President, Fountain House
All over the country, programs like Fountain House face a serious funding crisis, as state governments dramatically slash these organizations’ budget lines. Medicaid dollars are being reduced nationally, and many community mental health programs are finding the current Medicaid funding mechanisms extremely cumbersome and, ultimately, unworkable.
New York State developed a new funding stream called Personal Recovery Oriented Services (PROS) in an attempt to create a more recovery-oriented Medicaid program. This mean that, in contrast to the traditional medical model of treating sickness that Medicaid was designed to pay for, the state is encouraging recovery programs – programs that integrate treatment, support, and rehabilitation at the level of the individual – to qualify for Medicaid funding.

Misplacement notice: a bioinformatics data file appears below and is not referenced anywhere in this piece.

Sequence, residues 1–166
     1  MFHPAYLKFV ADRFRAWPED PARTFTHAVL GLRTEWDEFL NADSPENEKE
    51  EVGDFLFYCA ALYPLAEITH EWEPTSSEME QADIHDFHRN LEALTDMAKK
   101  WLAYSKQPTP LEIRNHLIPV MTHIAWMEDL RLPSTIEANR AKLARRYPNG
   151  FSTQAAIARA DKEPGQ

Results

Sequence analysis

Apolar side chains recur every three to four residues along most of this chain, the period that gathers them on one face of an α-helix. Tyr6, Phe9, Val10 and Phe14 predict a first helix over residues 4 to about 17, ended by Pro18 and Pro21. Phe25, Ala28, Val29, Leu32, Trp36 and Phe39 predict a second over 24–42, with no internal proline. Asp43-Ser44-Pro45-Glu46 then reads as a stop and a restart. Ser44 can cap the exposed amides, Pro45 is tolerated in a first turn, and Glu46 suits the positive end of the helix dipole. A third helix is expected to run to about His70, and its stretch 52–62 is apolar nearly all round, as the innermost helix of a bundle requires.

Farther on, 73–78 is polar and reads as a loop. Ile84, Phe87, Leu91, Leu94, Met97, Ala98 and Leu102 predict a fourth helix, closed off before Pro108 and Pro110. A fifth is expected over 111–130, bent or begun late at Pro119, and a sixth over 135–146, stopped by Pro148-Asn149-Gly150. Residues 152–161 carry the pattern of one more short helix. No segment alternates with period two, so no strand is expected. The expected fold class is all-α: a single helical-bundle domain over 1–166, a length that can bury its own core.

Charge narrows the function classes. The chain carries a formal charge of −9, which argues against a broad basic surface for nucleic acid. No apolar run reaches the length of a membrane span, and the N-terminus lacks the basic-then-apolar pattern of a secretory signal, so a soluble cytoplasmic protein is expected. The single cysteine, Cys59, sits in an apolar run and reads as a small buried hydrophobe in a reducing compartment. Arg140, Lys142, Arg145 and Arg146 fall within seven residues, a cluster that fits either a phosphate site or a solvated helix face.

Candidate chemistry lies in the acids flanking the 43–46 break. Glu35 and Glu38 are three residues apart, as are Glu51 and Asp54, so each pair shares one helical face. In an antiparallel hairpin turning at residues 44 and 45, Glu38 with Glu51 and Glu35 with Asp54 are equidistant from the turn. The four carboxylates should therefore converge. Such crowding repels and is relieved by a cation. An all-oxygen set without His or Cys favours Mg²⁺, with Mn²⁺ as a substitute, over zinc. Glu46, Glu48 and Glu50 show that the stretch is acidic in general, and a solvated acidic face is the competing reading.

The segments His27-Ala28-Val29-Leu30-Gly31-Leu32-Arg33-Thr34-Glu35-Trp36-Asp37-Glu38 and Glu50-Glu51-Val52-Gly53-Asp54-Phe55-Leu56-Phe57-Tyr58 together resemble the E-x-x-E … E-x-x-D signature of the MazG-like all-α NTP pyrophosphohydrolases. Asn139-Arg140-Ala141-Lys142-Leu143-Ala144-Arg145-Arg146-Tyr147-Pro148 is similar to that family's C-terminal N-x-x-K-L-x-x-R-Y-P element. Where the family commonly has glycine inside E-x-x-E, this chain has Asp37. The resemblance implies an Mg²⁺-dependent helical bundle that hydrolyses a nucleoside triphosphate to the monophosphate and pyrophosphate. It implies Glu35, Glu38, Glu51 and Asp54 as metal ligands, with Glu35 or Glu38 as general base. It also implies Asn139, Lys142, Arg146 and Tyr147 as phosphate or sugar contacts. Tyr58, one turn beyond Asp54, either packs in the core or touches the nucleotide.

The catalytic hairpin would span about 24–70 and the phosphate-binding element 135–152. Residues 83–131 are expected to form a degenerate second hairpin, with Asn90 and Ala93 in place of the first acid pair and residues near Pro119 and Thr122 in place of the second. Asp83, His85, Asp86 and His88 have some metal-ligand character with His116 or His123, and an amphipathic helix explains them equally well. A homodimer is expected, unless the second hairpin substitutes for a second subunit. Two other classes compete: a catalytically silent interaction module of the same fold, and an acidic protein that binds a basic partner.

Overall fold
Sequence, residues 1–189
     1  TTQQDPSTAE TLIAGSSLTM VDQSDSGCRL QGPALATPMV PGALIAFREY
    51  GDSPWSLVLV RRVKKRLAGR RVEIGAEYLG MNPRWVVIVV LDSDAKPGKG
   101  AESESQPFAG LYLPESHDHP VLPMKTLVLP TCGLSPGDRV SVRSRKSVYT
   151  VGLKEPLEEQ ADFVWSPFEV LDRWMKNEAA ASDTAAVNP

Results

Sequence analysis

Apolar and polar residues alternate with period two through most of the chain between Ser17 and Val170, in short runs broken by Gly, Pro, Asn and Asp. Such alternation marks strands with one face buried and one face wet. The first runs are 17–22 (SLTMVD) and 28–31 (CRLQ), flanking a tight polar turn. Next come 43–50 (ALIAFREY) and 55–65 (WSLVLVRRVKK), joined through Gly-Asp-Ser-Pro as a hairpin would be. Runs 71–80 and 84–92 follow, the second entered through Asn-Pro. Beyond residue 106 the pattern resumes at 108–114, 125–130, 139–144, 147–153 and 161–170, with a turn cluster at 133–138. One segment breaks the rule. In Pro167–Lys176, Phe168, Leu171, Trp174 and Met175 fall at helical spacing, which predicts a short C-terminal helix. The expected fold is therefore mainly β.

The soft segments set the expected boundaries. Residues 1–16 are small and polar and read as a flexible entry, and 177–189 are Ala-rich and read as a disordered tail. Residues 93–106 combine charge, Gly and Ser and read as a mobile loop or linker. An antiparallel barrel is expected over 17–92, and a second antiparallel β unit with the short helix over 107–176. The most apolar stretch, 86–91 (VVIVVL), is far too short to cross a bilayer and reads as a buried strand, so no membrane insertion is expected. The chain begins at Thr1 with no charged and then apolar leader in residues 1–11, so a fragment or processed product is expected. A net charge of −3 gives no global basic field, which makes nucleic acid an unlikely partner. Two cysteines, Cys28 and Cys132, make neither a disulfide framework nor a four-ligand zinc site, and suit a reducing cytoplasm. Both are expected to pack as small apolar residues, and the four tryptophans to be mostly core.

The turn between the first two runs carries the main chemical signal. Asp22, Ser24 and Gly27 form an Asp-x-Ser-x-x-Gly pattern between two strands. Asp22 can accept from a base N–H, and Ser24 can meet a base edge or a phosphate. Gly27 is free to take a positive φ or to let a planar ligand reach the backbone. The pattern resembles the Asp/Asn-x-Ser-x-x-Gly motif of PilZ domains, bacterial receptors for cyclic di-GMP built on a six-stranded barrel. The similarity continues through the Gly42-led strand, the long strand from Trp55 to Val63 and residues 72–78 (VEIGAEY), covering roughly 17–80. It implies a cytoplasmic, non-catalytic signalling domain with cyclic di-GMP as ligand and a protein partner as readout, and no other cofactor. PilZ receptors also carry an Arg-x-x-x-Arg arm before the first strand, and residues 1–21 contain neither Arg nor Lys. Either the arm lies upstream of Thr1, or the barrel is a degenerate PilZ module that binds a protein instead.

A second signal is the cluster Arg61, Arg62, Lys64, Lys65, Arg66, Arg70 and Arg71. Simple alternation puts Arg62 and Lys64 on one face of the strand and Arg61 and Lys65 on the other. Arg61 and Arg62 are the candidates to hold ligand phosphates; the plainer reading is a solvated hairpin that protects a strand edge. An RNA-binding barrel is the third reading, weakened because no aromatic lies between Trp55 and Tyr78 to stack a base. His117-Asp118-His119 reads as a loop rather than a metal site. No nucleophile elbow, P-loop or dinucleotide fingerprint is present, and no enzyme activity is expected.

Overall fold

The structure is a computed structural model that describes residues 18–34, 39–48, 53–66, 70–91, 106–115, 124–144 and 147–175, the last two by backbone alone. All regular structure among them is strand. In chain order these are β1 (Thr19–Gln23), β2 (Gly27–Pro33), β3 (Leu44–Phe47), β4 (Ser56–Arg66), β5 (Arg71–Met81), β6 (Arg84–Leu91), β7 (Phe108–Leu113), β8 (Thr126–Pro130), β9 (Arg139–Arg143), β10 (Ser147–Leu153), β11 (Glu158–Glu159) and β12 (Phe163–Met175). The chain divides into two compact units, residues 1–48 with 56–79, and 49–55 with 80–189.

The state promoted this approach, but the majority of early adopters are really struggling to make their programs financially viable. Funding is now creating the programming, and that’s always detrimental.
The disconnect between the rhetoric of recovery and the current nature of Medicaid funding demands new thinking about the issue. Most disturbing to me is the fact that the advocacy groups who should be crying the loudest, can’t, because they receive too much funding from the state. Rather than make believe that PROS is working, we should admit the obvious and search for a better way.